Hug the coast when you visit Australia to explore some of the world's top beaches and cities offering the finest in dining, entertainment and architecture. Head inland to the vast Outback, the country's lonely heart, for ecological wonders, breathtaking vistas and ancient Aborigine rock drawings. With 19 UNESCO World Heritage Sites including the Sydney Opera House and the Great Barrier Reef, LGBTQ-welcoming Australia is a destination like no other whether you're a city slicker or a nature lover. But don't expect to see it all on one trip unless you plan to stay awhile. Remember you're visiting not just a country but a continent.
Berriedale Peninsula, Hobart, Australia
Described as a "subversive adult Disneyland," the Museum of Old and New Art in the Moorilia winery stands out as the largest privately funded museum in the country. The art on display - focusing on sex and death - is from the eclectic personal collection of David Walsh, a professional gambler and owner of the winery. The museum itself is built in an underground labyrinthine on three levels reached by what seems like an endless spiral staircase. It also stages annual festivals of public and performing arts.
North Adelaide, Adelaide, Australia
The Adelaide Oval was built in 1871 to house the South Australian Cricket Association and today seats about 50,000. Cricket, sometimes called Australia's national sport, is the country's number one participation sport and growing, including play for women at all levels. Home not only to cricket but other sporting and entertainment events, the Oval offers daily behind-the-scenes tours, including the Bradman Collection, which tells the story of Sir Donald Bradman, considered the greatest batsmen in cricket history.
The Great Ocean Road (B100) begins at Torquay, a 90-minute drive southwest of Melbourne, and hugs the coast of the windswept Southern Ocean for 249 miles (400 km) to Nelson. The drive swings past the surfing waves of Bells Beach, fishing villages, whale lookouts, koalas in the wild in Great Otway National Park and the dramatic limestone stacks called the 12 Apostles. Cool climate wineries and seafood restaurants are all along the highway.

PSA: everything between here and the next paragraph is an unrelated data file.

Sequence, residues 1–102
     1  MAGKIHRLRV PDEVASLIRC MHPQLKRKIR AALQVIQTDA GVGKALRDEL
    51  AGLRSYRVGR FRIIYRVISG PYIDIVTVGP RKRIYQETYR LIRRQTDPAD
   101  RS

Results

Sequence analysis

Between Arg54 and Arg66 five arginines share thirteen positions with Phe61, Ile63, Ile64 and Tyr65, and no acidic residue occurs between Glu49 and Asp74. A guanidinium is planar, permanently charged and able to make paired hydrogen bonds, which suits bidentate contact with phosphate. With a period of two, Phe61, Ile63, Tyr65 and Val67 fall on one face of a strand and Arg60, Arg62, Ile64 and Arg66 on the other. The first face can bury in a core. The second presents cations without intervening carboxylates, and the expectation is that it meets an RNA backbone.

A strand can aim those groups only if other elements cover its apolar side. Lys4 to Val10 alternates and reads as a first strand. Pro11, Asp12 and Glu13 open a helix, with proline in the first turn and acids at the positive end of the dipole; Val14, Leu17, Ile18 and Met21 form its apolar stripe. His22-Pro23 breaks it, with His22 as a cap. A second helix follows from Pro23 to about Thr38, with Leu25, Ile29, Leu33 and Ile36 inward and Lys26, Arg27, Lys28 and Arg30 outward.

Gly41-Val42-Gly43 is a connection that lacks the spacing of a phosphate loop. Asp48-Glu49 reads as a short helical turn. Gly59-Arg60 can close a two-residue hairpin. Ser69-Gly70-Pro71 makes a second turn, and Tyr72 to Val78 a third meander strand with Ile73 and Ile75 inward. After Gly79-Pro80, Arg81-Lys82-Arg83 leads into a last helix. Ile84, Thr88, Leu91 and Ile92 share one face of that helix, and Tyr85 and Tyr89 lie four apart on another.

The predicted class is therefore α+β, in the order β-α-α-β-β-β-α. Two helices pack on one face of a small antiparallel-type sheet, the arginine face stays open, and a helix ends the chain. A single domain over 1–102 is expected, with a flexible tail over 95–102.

Sydney, Australia - Feb 19 to Mar 7
Born from a night of protest on June 24, 1978, the Sydney Gay and Lesbian Mardi Gras takes over the city with an annual three-week celebration of equality and pride that culminates with a wildly-attired and dazzling parade along Oxford and Flinders Streets. Conde Nast has named it one of the world's top 10 costume parades.
Gascoyne, Western Australia
Shark Bay on Australia's far-west Coral Coast is over 5 million acres (2,200,902 ha) of islands, peninsulas and waters, including one of the world's largest and most diverse seagrass beds where about 10,000 dugongs (sea cows) graze. A UNESCO World Heritage site since 1991, it is an important refuge for bottlenose dolphins, sea turtles and 26 threatened Australian mammal species. It's worth the 500-mile (800 km) trip from Perth to visit the friendly dolphins at Monkey Mia, the ancient domed stromatolites at Hamelin Pool and Shell Beach, made of millions and millions of tiny coquina shells. Best time to visit: June to October (winter into spring down under).
Hyde Park, Sydney, Australia
The oldest museum in Australia dates from the early 19th century and has earned an international reputation in natural history and anthropology, including the Indigenous Australians Gallery and displays of the continent-country's unique wildlife. Walkable distance from the city center (Hyde Park station), it has a rooftop café and 10 complete dinosaur skeletons. It offers behind-the-scenes tours and activities for children.
Wangetti, Port Douglas, Australia
Set on a magnificent clothing-optional beach just 15 minutes from Port Douglas, Turtle Cove is said to be Australia's only all-inclusive gay adults resort. Here the pool and sauna never close and the cocktails - whether stirred or shaken - are served beachside. The events calendar includes Mardi Gras Week (and recovery), Turtle Easter Weekend, an annual nude week and spring break pool parties, Everything needed for a relaxing getaway is on site, but should you be able to pull yourself away, Turtle Cove hosts can arrange dives on the Great Barrier Reef, sailing off Port Douglas or a tour of the Daintree Rainforest.
The old Ghan and Indian Pacific routes, operated privately by Great Southern Rail since 1997, are leisurely scenic journeys crossing the continent north/south and east/west with options of off-train excursions and outback experiences. The Ghan - short for The Afghan Express honoring 19th century Afghan camel drivers who traveled the outback - runs weekly between Adelaide and Darwin, covering the 1,851 miles (2,979 km) in 54 hours. The Indian Pacific takes four days for the 2,704 miles (4,352 km) between Sydney and Perth. Want a shorter scenic trip? Choose the daytime Overland between Melbourne and Adelaide.
Sacred to Australia's Aborigines, the great red sandstone formations of Uluru and Kata Tjuta are iconic symbols and chief attractions of the 512-square-mile (c. 1,300 km2) national park. In the heart of the outback, the UNESCO World Heritage Site is about 227 miles (365 km) from Alice Springs, the nearest city. Remote as it is, it is hardly a day trip yet accessible by plane, car, tour bus, hot air balloon, helicopter, motorcycle or camel. Best visit the ancient landscape between May and September when weather is cooler and colors more vibrant.
The Great Barrier Reef is the largest living thing on the planet. And it is dying, which is all the more reason to visit it today. A slew of coral reefs and islands stretch some 1,400 miles (2,300 km) along the northeast coast of Australia off Queensland. One of the seven wonders of the natural world, the paradise can be explored in a variety of ways from snorkeling to seaplane tours. Cairns and island resorts make convenient bases.